In 1999 The Lawyer launched its first full-scale analysis of the largest firms by revenue in the UK, the top 100.
Back in 1999 the total value of the top 100 was around £5bn. Now that figure has increased by 186.5 per cent to £14.4bn.
But the top end of the market is not the only part of the profession that has changed out of all recognition. A few years ago we started taking more notice of some of the dynamic firms outside the top 100. This year that second 100 includes several that trounce their larger rivals when ranked by some of the key indicators of financial health, such as average profit per equity partner (PEP) and revenue per lawyer (RPL).
Take Stewarts Law. Last year the litigation shop’s equity partners took home on average £963,000, around £200,000 more than their opposite numbers at Clifford Chance.
Or Silverbeck Rymer, the 27-lawyer, £19.1m firm, where the PEP of £1.68m is second only to Slaughter and May’s.
Firms such as these have set a pace in the legal market that most rivals will find impossible to match. Silverbeck in particular, with just five partners, has a business model that points to the future shape of the UK legal market.
Another firm that is changing the shape of the top 100 is new entrant Optima Legal, a volume legal services provider, DLA Piper spin-out and limited company. Expect considerably more of these to appear in the list thanks to the Legal Services Act when The Lawyer publishes its 20-year analysis in 2019 (who knows, there may also be one or two fully listed companies in there too).
Earlier this year Optima partner Anthony Ruane claimed that the traditional partnership model may be “unsustainable”. As one poster on TheLawyer.com put it at the time: “Commodity legal services will have a huge effect on mainstream law firms in the coming years, where scale will be key.”
It is illustrative that in this year’s RPL table the firms in second and third positions, with Slaughters in first, are Silverbeck and Optima. To be fair, it should also be pointed out that all four magic circle firms make it into the top eight on RPL, while six-partner media boutique Schillings is sandwiched between Clifford Chance and Allen & Overy with an RPL of £493,000. So scale is proving to be key, but one should probably add ‘focus’ to the hit list of successful law firm strategies.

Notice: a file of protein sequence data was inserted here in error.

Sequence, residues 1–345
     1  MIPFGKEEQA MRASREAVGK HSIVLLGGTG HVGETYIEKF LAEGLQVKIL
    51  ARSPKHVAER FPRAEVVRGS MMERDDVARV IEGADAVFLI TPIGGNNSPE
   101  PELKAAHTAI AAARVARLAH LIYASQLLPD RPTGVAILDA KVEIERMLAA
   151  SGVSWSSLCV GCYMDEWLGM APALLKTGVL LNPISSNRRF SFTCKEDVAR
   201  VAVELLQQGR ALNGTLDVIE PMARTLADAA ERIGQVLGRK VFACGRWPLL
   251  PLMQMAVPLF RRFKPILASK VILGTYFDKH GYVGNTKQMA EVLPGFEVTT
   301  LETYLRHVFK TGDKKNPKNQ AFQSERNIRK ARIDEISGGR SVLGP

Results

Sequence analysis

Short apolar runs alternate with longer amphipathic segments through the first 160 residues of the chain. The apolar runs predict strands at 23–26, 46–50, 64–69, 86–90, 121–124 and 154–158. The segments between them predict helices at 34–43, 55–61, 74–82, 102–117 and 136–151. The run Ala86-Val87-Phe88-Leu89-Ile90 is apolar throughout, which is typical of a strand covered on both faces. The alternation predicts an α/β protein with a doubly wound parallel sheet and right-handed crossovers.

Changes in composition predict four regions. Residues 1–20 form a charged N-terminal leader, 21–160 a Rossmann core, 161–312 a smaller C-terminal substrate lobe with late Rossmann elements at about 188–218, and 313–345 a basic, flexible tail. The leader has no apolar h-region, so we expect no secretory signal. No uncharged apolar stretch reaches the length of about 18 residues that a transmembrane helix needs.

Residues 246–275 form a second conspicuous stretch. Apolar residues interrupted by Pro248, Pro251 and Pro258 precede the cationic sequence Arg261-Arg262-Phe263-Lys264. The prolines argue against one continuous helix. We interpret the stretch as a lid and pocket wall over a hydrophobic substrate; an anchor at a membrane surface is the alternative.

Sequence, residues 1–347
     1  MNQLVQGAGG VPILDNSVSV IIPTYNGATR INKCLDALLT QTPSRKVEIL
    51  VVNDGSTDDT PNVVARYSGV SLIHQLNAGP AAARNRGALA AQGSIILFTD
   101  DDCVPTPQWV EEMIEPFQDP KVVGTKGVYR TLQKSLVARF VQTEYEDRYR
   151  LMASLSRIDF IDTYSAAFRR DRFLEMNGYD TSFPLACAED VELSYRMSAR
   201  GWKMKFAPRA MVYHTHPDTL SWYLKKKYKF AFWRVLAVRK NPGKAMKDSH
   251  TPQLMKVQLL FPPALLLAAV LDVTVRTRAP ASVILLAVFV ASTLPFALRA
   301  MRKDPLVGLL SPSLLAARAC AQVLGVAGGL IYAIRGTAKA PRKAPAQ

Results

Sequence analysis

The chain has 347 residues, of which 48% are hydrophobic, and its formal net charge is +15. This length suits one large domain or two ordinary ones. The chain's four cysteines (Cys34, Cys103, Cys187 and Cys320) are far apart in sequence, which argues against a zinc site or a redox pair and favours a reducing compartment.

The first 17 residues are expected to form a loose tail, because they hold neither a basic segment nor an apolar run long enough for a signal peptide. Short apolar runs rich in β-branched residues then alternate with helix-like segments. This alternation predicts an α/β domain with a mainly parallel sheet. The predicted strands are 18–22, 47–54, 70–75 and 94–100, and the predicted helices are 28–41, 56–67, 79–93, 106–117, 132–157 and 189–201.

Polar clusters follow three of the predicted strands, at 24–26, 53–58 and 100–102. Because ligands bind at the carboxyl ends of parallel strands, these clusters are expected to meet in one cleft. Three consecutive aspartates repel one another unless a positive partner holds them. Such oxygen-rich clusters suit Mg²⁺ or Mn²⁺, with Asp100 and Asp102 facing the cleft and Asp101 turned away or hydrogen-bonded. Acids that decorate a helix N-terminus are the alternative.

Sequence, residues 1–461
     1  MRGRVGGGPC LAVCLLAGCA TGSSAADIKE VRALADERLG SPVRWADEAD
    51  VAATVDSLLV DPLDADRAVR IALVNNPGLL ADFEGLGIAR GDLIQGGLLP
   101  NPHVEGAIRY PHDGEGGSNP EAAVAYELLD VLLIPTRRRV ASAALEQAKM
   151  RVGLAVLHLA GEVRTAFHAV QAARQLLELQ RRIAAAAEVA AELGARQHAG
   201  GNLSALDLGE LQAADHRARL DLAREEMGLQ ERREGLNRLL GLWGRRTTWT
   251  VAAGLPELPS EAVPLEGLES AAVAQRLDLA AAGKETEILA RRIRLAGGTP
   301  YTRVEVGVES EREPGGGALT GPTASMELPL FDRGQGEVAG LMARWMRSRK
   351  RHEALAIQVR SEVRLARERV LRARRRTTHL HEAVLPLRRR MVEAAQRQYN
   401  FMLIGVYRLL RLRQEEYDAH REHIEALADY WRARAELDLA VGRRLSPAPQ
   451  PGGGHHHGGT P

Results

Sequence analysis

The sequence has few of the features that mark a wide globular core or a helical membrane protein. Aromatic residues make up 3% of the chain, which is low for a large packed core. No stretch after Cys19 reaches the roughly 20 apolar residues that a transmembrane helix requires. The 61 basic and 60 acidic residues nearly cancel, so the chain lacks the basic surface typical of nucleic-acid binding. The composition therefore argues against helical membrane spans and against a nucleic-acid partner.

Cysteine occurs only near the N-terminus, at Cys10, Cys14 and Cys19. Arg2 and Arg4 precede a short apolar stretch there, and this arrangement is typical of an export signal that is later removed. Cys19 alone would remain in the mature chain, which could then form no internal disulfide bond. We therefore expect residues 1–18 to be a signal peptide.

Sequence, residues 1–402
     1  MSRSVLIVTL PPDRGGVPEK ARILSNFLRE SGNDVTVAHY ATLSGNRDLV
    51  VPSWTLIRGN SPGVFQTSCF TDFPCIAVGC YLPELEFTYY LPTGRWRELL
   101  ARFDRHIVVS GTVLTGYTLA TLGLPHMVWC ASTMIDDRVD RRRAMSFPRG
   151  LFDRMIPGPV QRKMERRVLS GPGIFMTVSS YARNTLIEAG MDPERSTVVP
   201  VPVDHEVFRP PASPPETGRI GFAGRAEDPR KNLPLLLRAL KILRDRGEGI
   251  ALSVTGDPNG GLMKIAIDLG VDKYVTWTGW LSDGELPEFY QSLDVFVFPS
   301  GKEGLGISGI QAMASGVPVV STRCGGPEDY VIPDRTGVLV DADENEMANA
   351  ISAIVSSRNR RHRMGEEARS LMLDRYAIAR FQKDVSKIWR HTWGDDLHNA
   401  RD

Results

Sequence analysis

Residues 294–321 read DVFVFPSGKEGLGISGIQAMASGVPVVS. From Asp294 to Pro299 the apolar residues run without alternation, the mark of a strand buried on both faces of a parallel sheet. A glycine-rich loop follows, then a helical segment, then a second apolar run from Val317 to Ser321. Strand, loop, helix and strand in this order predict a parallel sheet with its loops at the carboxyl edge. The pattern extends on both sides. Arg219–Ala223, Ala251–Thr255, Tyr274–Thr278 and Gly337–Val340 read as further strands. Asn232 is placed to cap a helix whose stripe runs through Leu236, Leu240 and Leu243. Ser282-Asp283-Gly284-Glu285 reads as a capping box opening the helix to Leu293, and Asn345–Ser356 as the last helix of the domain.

Some of the most successful firms last year have done little more than target a niche and do it well. If that niche then happens to go ballistic then that success can go off the scale - as in the case of pensions specialist Sacker & Partners, where the 53.3 per cent profit margin is second only to Slaughters’ among the top 100 firms (Silverbeck is not listed in the margin table as it is a second-100 firm and does not report profit figures).
Scale is certainly one of the most obvious aspects if you cast your eye over the past 10 years’ worth of our annuals - you only have to look at the change in total revenue to see that. But the degree to which the legal market has transformed since 1999 is also striking.
The average revenue per partner (RPP) has grown from £597,000 to £892,000 over the past 10 years, a 50 per cent rise, while on average partners at the top of the equity take home £564,000, up 75 per cent from £323,000 in 1999. And of course, this is in one of the toughest years on record.
Assuming the global recession eventually comes to an end, all bets are off on what the picture will look like in 2019.